"No, no!" she exclaimed vehemently. "Not in there, not a step nearer!
I'm so afraid of him, I'm afraid he will open his eyes, and ask--oh!
Herr Edwin, you don't know--let me go--if I should touch a lock of his
hair, I should never be able to leave his side again and I can't help
being a poor stupid thing, who didn't understand him! Oh, God! my heart
is breaking!"

Passionate sobs checked her utterance. But when Edwin put his arm
around her and kindly tried to soothe her, she broke from him and
darted down the stairs like an arrow, while he stood a long time in the
darkness, musing over this strange enigma, ere he again threw himself
on his cold bed.



                              CHAPTER IV.


On the morning of the third day the funeral took place. Franzelius, who
had undertaken to attend to all the sorrowful details, insisted that
this last duty should be performed at six o'clock. "Perhaps then the
preacher will oversleep himself," said he. Edwin had assented. The
clergyman belonging to their ward, who as professor of theology had met
Edwin at college, came the day after the event to condole with him and
ask for some notes for the funeral address. "You would do me a favor,"
Edwin replied, "if you would merely say what is absolutely necessary,
what your formula prescribes. Eulogies from a person who knew nothing
of the dead, have always been repulsive to me; and besides, as my
brother shared my opinions, many a word would be uttered over his open
grave, against which he would protest if he could hear it." The
clergyman probably thought that the softened soul of a mourner would be
good soil in which to sow the seed of religion, but Edwin cut short all
farther conversation, and his colleague, in by no means the best of
humors, left him.

Franzelius had still another reason for choosing the dark morning hour.
A society of workmen, of which he was a member, wished to sing a hymn
in the churchyard and could not assemble later. But he did not tell his
friend a word of this.

He had kept his promise, no stranger's hand had been allowed to touch
the dead body. Even the most painful task, he performed himself,
screwing down with his own hands the coffin lid. Then, as the bearers
wound slowly down the crooked stairs with their burden, he took Edwin's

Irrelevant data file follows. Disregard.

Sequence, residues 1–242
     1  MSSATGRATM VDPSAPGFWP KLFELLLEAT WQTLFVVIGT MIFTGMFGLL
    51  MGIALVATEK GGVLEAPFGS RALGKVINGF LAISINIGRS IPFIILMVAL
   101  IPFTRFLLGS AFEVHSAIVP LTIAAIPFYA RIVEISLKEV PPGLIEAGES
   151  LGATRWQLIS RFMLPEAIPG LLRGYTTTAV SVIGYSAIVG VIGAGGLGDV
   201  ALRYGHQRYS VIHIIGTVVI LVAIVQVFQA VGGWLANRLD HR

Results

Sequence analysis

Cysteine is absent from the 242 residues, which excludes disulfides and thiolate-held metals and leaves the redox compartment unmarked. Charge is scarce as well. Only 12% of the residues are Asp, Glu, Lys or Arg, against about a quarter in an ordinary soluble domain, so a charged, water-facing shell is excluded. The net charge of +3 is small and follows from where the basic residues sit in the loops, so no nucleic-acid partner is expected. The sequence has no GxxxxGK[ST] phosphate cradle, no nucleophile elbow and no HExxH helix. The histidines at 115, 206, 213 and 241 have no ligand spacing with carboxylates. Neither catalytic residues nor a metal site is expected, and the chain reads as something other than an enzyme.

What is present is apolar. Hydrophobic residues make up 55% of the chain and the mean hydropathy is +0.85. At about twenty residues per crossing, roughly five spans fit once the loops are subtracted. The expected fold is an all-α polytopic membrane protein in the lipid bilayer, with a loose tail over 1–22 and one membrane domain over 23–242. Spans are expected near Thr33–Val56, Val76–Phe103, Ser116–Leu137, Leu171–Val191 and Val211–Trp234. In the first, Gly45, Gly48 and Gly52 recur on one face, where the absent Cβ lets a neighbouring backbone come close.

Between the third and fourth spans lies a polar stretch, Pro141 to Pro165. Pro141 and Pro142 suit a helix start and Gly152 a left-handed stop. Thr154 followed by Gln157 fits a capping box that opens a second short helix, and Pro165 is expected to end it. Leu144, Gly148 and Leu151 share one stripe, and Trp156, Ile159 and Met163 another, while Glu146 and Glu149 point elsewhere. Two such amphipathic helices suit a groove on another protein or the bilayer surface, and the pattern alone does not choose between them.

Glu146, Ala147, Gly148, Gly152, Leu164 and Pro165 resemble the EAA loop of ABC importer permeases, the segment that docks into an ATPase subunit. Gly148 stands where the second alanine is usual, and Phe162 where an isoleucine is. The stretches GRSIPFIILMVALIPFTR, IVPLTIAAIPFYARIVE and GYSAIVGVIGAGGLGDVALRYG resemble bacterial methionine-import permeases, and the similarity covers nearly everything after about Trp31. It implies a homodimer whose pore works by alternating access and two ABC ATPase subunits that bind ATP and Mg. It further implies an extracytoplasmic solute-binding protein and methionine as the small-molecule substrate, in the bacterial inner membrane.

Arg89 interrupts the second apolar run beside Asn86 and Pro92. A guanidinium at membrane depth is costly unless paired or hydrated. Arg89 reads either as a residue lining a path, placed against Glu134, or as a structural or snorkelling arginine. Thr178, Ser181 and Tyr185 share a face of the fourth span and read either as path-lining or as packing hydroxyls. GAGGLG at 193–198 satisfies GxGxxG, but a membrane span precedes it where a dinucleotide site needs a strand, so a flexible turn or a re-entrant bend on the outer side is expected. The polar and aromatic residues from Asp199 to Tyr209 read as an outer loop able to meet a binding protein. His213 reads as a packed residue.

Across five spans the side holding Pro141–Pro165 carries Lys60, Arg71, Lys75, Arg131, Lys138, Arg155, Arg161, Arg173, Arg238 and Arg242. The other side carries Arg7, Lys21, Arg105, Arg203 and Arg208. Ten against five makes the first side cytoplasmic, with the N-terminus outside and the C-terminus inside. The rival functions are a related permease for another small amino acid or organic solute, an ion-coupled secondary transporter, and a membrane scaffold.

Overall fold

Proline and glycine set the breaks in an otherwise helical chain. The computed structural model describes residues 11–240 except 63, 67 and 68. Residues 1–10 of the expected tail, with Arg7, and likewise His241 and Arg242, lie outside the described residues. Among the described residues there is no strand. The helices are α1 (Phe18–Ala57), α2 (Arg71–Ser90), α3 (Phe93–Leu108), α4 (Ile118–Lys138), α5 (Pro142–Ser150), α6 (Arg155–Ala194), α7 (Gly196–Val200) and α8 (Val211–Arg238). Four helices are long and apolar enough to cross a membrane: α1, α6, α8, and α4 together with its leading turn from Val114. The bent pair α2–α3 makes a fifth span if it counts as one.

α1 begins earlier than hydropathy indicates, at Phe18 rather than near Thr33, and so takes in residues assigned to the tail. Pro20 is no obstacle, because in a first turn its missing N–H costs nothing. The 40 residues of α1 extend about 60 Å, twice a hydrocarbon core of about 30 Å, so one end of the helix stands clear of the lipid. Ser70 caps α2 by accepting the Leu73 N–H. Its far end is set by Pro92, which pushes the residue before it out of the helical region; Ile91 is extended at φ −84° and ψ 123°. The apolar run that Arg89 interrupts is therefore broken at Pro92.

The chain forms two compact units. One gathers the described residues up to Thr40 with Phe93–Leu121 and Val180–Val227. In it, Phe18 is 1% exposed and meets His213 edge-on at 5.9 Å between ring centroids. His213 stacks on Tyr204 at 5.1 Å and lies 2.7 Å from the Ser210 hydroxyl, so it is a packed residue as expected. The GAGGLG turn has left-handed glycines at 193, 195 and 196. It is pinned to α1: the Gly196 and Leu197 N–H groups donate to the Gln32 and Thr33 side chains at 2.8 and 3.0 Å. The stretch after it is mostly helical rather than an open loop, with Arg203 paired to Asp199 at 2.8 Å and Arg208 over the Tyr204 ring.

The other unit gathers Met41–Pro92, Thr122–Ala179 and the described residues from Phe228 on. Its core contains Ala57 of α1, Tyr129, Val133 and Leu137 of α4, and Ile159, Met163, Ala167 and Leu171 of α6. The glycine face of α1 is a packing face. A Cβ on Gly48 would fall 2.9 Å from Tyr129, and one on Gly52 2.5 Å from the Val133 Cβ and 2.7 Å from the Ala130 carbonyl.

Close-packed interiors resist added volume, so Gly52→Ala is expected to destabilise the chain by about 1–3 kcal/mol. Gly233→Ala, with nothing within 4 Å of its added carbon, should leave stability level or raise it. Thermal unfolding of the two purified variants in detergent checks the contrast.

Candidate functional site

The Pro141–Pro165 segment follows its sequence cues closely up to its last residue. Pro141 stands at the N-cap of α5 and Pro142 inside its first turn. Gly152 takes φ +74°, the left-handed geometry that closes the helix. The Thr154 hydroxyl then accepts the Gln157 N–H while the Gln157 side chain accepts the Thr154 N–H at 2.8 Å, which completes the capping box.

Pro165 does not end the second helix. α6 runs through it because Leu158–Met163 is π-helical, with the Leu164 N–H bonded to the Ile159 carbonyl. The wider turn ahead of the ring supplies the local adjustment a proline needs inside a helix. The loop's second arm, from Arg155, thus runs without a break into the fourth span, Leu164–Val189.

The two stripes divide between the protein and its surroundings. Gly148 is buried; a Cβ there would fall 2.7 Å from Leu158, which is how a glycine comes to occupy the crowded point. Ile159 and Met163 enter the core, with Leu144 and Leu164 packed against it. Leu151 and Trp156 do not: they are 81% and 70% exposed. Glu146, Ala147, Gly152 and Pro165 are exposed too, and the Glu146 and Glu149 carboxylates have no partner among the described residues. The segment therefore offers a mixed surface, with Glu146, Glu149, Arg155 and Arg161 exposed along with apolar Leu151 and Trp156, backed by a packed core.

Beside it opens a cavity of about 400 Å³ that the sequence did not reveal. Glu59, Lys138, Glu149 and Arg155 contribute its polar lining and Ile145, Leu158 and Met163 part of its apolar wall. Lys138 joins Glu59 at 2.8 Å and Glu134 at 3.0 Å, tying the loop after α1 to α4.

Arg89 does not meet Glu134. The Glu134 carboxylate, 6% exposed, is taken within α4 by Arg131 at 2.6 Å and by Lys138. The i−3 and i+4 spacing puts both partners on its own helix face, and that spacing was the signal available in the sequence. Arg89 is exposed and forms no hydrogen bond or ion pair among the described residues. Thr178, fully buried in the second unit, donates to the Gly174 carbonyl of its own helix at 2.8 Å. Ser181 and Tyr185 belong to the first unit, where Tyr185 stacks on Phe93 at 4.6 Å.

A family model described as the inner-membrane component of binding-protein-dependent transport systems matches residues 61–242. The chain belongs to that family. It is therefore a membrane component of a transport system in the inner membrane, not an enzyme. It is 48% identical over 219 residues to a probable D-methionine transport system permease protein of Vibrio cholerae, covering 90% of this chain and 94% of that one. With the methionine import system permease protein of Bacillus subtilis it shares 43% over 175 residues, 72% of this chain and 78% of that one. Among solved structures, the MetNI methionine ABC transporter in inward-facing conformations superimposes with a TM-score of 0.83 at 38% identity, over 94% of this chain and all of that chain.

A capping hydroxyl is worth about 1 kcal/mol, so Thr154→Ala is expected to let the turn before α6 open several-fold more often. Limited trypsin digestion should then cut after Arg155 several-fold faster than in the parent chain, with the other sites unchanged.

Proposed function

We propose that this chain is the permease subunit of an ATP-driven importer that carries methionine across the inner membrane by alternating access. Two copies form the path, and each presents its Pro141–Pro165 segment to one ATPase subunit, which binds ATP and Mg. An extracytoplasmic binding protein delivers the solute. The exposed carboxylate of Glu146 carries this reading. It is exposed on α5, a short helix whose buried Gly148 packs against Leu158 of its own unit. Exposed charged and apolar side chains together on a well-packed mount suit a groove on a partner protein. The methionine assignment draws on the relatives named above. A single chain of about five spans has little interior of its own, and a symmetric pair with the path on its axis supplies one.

arm and supported him on the last sorrowful pilgrimage.

The street was only lighted by a faint reflection from the snow, and
few persons were standing around the door. Edwin bowed sorrowfully to
his acquaintances and then entered the first of the four mourning
coaches, which instantly moved forward. He was accompanied by Mohr,
Marquard, and Franzelius. The second carriage was occupied by Herr
Feyertag and the old gentleman on the second floor, who despite the
wintry cold, would not be dissuaded from showing his fellow-lodger this
token of sympathy. The third carriage belonged to the little artist. He
had come by himself and intended to follow the coffin alone, when he
perceived the head journeyman, who with a large weed on his hat and a
band of crape on his left arm, was preparing to accompany the
procession on foot. Herr König instantly ordered his driver to stop,
opened the door, and compelled the worthy man to take the seat beside
him, which the modest fellow after long hesitation, at last consented
to do.

The fourth and last carriage contained a young Pole and the president
of a society, which numbered among its members many foreigners and
formed the largest portion of the audience to Edwin's lectures. They
followed the body solely from regard for their teacher, as they had
never known Balder, and instantly drew down the curtains in order to
beguile the long ride by discussing theatrical matters, the latest
news, and smoking paper cigarettes.

From an upper window, a weeping girl wrapped in a thick shawl, gazed
after the slowly moving carriages. It was Reginchen, who for two days